One of the most outrageous exaggerations that I’ve heard from multiple people especially on television who claim they would never watch a game until the quarterfinal stage because some of these so-called pundits have no clue of what they’re talking about and have made no effort looking into how a 48-World Cup may look like.

I’m willing to bet all the money I’ve in my 401(k) (About $45) that any real soccer fan would not want to miss most of the Round of 32 matchups.

Here is a sneak peak of what they may look like:

Brazil vs. Bosnia-Herzegovina

Belgium vs. Ukraine

Argentina vs. Australia

Colombia vs. Iran

United States vs. Algeria

Italy vs. Ghana

Portugal vs. Sweden

Croatia vs. Egypt

Chile vs. Switzerland

Mexico vs. Tunisia

Germany vs. Senegal

France vs. Ivory Coast

Netherlands vs. Costa Rica

Spain vs. Cameroon

Uruguay vs. Ecuador

England vs. Russia

So, there you have it! a serious look at how a 48-team World Cup can look like. Later this week I will give you another example where I would use the United States as the host of the 2026 World Cup and select teams based on a combination of current form (Current 2018 WCQ standing) and historical accomplishments to build sort of a best case scenario. I will go a step further for that one as I will assign host cities and build a full schedule. Also, I’ll work on a different post in which I will reform each confederations qualifiers to keep them as interesting as possible, so stay tuned for those upcoming posts.

-Everything worth doing is worth overdoing.

Winners and losers from the March World Cup Qualifiers

The March World Cup Qualifiers produced a number of intriguing storylines which have added another layer of interest as the qualifying campaign inches closer to the finish line.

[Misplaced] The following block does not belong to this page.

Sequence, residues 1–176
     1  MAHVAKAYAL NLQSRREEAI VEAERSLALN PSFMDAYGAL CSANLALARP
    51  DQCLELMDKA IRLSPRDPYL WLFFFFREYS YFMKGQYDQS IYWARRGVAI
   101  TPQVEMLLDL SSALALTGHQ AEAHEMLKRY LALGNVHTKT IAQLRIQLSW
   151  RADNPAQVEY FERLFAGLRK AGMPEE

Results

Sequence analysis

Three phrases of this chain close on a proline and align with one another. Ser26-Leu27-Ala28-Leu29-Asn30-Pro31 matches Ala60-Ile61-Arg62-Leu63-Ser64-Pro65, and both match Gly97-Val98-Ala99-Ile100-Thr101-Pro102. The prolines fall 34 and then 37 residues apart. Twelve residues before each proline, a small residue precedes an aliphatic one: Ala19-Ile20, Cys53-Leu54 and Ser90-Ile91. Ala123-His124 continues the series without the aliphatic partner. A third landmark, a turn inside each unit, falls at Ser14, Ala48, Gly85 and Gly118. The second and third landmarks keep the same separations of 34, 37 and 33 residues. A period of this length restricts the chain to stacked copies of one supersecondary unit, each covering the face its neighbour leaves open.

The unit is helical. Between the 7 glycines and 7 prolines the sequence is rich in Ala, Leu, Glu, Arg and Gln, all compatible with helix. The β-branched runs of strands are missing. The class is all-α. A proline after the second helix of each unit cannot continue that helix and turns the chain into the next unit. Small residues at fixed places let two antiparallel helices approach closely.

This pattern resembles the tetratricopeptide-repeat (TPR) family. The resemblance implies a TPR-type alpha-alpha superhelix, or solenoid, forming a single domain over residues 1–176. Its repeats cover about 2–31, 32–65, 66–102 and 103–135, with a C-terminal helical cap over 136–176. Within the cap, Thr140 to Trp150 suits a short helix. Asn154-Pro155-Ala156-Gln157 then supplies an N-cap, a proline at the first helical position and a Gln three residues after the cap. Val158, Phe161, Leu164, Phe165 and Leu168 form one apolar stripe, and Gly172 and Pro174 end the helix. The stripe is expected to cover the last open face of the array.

The latest round gave us the first team to claim one of the 31 tickets to Russia, a resurgence from the United States, and a number of storylines in South America which is likely headed for a photo finish.

Today, I’ll talk, or rather write about the biggest winners and loser from the latest round of qualifying and give you a peek of what to look for when the next round of qualifying comes this summer.

Brazil

It’s official, Brazil has become the first country other than the host Russia to book their place in the world cup. So it is now totally appropriate to stand in the middle of Red Square with a bell and a megaphone and yell “The Brazilians are coming! The Brazilians are coming!” to spread panic along the streets of Moscow.

This Brazilian team looks really good. They came in with a five-point lead in the South American qualifiers and came up with impressive performances and results. The Canarinha after finding themselves down 1-0 to Uruguay in the Estadio Centenario in Montevideo came back from behind to win 4-1 and five days later in Sao Paulo cruised to a 3-0 win against Paraguay which now has them 11 points ahead of the fifth-placed Argentina, who at the moment would be the team playing the Oceania champion in an intercontinental play-off.

Another big advantage of qualifying so early for Brazil is that airfare and hotel prices are much cheaper when you get them so far ahead of time.

 

Mexico

Four years ago, Mexico was able to advance to the intercontinental playoff against New Zealand after a fourth-placed finish in the Hex with only 11 points and only two wins in 10 matches.

This time around things are much different, last November Mexico began its road in the Hex by exorcising the Dos a Cero demons in Columbus thanks to a 2-1 win against the U.S.

During the latest round of qualifying Mexico secured two crucial wins, the first and most impressive of them was a 2-0 victory against Costa Rica who came as the leader of the Hex after the first two games.

Javier Hernandez opened the score in the opening 10 minutes to score his 46th international goal tying the all-time record for Mexico which was held by Jared Borgetti. Four days later the Mexican team dealing with several key injuries managed to go on the road and defeat Trinidad & Tobago 1-0 to put themselves three points clear atop the standings.